In that case, we might think, the ethical arguments reviewed above become redundant. What possible justification can there be for B4U-ACT, or anyone else, to promote a treatment that could be held to violate human rights, and which certainly has the humiliating and degrading (for a man) side effect of breast enlargement, if it may well be utterly ineffective? Isn’t it all a bit of a sham?

In practice, it is often a sham in other ways, too. Prisoners sometimes undergo castration on the basis of false hopes, as Bailey and Greenberg’s paper shows in the case of an offender called Jeffrey Morse in America. A particularly egregious injustice occurred in that case because Morse ended up being surgically, and hence irreversibly, castrated but then found himself given an increase over the expected sentence (from 25 years to 26), not a reduction.

There are false hopes and pervasive bad faith in the British penal system too. As Aitkenhead reveals, prisoners are in effect being led up the garden path: they are encouraged to undergo chemical interventions in the belief that their cooperation with suggested treatments will help secure their release. What they are not told, it seems, is that under existing rules the Parole Board is not even allowed to know whether prisoners have been on a course of SSRIs or had chemical castration! It is thus impossible for treatment to help secure their release but they are left with totally the opposite impression. This strikes me as utterly unjust and even fraudulent.

So where does all this leave us? Conscious of the rather heated clash in Heretic-TOC’s comment space over B4U-ACT’s apparently pro-chemical castration (in certain circumstances) stance, I have tried to approach the issues in a balanced and reflective way. It was not always so. As a young man, back in the 1970s, I delivered a fiery speech against chemical castration at a conference of the National Council for Civil Liberties (now Liberty). It was later written up as an article in Gay Left after being attacked by Patricia Hewitt, who was later a cabinet minister in Tony Blair’s government. Reading that article again online, for the first time in over thirty years, I must ruefully note that it achieved nothing: chemical castration is still with us. Hewitt scoffed at my rather amateurish efforts – factual research by the unfunded non-professional was much tougher in the pre-internet era – and I now find my moral certainty at the time more than a touch simplistic.

The whole of the Gay Left issue in question is online as a PDF, and there is a Table of Contents. I might just mention in passing that the same issue includes a discussion of paedophilia by the Gay Left Collective, to which I replied in the following issue. Those who are interested in the changing attitude of the gay movement over time towards paedophilia might thus find these particular issues of Gay Left to be revealing. One of the leading lights of Gay Left was Jeff Weeks, then a radical young historian but sadly now – as I remarked in Tromovitch sets a poser on prevalence  – a rather bland and boringly PC emeritus professor.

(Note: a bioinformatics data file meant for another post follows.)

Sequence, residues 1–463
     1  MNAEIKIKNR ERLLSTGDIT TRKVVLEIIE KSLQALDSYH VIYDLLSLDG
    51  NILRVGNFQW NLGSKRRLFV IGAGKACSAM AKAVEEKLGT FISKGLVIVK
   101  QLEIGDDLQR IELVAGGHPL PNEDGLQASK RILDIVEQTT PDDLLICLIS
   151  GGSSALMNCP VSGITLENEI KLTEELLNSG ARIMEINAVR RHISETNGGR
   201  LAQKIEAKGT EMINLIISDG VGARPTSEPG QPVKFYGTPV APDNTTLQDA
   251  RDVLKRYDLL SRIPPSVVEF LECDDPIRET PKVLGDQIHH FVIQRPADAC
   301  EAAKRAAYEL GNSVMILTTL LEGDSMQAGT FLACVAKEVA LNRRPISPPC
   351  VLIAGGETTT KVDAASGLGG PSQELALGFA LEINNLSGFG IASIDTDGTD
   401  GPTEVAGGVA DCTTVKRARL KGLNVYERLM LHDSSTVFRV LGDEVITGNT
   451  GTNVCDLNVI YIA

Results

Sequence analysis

What has not changed much, though, after all this time, is my opinion of chemical castration. Jeff (not Jeff Weeks!) is basically right, I think: chemical castration is an extreme form of intervention which is very hard to justify, especially as its efficacy is still in doubt after so many years. But that does not mean B4U-ACT is in some sort of conspiracy with the authorities or is anti-sexual.

This story related by Barry is worth recalling:

 …one young man … recently came to us seeking help. He had been on probation after he was released from prison for sexually assaulting boys, and during that time the state paid for him to receive anti-androgen medication. Now that probation was ending, he could not afford to continue the treatment and he was desperately asking for help to continue as he felt very strong urges to go out and assault another boy… What in actuality would be punitive is the 10- or 20- (or more) year sentence the MAP could receive if he were to act out on his urges. That would also certainly be more deleterious to the mental health of a MAP than a reversible course of medication…

These are strong points. It is not easy to know the right course to take when faced with responsibility for a case like this, which may be about self-coercion as a result of state brain-washing but is a very different situation to the hard choices faced by MAPs in prison or still under tight control during probation. If Jeff or anyone else can put forward a coherent and compelling policy for an organisation such as B4U-ACT in these circumstances, Heretic TOC would be pleased to hear it. Indeed, this blog would be interested to hear from B4U-ACT itself, in either its American or British manifestations.


Aitkenhead, D., Chemical castration: the soft option? The Guardian, Friday 18 January 2013

Bailey, J.M. & Greenberg, A.S., “The science and ethics of castration: Lessons from the Morse case”, Northwestern University Law Review. 1998;92(4):1225-1245.

Långström, N. et al., Preventing sexual abusers of children from reoffending: systematic review of medical and psychological interventions, BMJ 2013;347:f4630 (9 August 2013)

Wille, R. & Beier, K.M., Castration in Germany, Annals of Sex Research 2, 105-9 (1989)